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This article was published 28/1/2010 (4252 days ago), so information in it may no longer be current.
The Métis dance troupe has won an audition to perform at this year's Olympic Games.
They'll dance the famous Red River Jig and other Métis jigs and square dances, born in the late 1700s and early 1800s at the confluence of the Red and Assiniboine rivers.
"It's amazing. We're extremely excited," said Arnold Asham, leader of the 13-member dance troupe whose ages range from seven to 59.
"Our mission is to recapture and preserve the history of Métis people through the Red River Jig. We see the Olympics as the biggest stage in the world in which to spread our culture."
The Olympics is a long way from a small cabin in the Métis community of Reedy Creek on the west side of Lake Manitoba, where Asham was home birthed along with his eight siblings. He comes by dancing naturally. His mother loved to dance and his father was a caller.
Two dance members hail from Reedy Creek, 10 kilometres south of Ebb and Flo First Nation, and another three are from Peguis First Nation. There are eight Métis and five First Nation people in the troupe.
The Asham Stompers wanted very badly to perform at the Games. Members paid their own way to Vancouver last July to audition before the Four Host First Nations, on whose territory the Games are being held. The Squamish, Lil'wat, Musqueam and Tsleil-Waututh are the host First Nations.
"We've been working on this for two or three years," said Asham.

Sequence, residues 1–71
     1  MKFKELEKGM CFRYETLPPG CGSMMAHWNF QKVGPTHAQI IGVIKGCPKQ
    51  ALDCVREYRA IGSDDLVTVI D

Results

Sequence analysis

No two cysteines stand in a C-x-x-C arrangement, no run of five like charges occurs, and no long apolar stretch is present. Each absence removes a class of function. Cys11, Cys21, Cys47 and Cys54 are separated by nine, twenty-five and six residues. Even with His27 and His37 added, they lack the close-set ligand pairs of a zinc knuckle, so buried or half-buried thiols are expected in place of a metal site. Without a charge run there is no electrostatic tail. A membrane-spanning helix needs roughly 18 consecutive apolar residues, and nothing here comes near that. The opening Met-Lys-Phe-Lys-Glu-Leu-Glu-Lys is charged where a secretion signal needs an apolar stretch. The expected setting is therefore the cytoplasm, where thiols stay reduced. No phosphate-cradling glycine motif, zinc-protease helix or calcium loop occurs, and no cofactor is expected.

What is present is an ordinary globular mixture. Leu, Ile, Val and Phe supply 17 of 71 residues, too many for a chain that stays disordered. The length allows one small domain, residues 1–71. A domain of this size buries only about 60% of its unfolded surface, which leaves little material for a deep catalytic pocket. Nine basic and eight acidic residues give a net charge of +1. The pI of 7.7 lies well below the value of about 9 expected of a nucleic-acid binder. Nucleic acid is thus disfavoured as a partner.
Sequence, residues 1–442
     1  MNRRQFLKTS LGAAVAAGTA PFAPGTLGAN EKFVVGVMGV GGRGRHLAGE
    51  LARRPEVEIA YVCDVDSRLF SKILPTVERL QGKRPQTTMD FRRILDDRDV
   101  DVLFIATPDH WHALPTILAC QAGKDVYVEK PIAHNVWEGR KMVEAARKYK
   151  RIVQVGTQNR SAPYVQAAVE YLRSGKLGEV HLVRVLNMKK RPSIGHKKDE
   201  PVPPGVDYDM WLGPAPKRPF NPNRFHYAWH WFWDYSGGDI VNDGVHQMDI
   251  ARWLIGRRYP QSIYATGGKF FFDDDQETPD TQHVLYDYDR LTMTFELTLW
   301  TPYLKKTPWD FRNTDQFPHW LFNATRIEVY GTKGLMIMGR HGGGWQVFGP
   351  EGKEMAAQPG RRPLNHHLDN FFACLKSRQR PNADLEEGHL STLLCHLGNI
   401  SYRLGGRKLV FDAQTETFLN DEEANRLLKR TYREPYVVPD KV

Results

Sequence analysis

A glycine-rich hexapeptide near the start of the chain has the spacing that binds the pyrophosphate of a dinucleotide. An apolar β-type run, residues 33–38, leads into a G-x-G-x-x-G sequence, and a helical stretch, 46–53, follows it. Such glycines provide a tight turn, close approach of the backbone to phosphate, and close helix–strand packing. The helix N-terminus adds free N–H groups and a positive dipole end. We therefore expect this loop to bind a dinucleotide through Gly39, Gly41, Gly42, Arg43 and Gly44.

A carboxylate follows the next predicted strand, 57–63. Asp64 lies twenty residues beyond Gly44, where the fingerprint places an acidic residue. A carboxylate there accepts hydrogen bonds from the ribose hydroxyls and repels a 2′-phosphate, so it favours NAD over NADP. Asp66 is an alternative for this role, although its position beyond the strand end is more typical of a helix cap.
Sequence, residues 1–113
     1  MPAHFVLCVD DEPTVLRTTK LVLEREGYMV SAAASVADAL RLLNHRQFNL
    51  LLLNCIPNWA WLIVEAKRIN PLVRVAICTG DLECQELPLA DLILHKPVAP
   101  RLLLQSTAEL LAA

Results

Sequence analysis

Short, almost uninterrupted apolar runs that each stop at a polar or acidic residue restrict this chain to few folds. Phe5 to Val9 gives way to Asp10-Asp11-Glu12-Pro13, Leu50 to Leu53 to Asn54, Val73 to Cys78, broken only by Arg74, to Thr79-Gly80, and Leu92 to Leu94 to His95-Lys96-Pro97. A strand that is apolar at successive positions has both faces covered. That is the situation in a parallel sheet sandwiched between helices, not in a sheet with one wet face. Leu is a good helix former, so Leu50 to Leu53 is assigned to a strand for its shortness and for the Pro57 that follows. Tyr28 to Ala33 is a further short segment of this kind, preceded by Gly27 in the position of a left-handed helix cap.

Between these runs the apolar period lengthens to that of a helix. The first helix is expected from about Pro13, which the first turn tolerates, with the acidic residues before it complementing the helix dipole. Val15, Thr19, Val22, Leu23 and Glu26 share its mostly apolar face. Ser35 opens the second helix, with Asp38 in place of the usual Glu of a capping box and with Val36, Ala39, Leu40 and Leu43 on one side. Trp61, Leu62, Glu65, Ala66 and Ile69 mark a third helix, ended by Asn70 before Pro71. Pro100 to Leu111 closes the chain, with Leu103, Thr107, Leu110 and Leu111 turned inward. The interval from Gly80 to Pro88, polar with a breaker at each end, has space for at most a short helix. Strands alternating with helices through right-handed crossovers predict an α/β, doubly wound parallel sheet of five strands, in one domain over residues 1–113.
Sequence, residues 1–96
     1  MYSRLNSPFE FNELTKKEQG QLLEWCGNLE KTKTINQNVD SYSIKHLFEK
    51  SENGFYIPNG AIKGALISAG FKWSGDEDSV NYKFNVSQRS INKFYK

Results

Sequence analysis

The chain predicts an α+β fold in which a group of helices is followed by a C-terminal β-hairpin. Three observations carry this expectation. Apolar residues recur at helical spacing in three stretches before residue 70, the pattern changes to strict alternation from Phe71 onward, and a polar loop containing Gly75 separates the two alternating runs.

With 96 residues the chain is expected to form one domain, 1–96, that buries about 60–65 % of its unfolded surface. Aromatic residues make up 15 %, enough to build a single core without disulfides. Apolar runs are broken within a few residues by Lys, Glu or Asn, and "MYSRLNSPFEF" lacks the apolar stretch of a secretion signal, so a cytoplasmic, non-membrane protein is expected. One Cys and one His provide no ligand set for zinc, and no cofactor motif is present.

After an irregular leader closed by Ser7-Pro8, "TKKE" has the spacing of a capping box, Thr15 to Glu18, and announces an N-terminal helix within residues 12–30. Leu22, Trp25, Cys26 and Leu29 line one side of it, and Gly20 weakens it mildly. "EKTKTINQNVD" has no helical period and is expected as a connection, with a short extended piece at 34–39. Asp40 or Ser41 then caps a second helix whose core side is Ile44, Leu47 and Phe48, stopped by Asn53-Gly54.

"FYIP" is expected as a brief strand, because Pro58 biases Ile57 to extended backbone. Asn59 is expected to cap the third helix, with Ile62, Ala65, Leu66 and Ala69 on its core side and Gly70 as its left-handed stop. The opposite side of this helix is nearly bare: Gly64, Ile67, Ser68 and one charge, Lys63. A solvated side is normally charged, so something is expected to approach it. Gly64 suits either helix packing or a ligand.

"All the best athletes are there, and all the best coaches, and apparently culture is no different. That's what they call it, the best of the best in every category."
The Red River Jig is a blend of Scottish, French, Irish and First Nations influences -- and nearly resembles a polka step.
"The Red River Jig is like a double-step polka, just faster. Very, very fast," explained Asham.
You go 1-2-3 (heel-toe-heel) on one foot, then hop, then kick out your other planted foot.
"We're a 1-2-3 kick but there's a really special hop in there that's very difficult to get," said Asham. "The dance is very distinctive. It takes a long time to learn."
The dance was a prime form of entertainment after first contact between Europeans and aboriginals in this area. "It wasn't unusual for people to wear out a pair of moccasins in a night from dancing. They would party until dawn," said Asham.
Asham is also founder and president of Asham Curling Supplies. He has received numerous awards, including the Aboriginal Chamber of Commerce Lifetime Achievement Award.
While at the Olympic Games, the dancers will be boarding in a school and using air mattresses and sleeping bags for beds.
The Asham Stompers will perform at the Four Host First Nations Pavilion on Feb. 15 at 2 p.m. The Manitoba Pavilion has also listed them to perform on Feb. 14 from 3-4 p.m. and 6-7 p.m.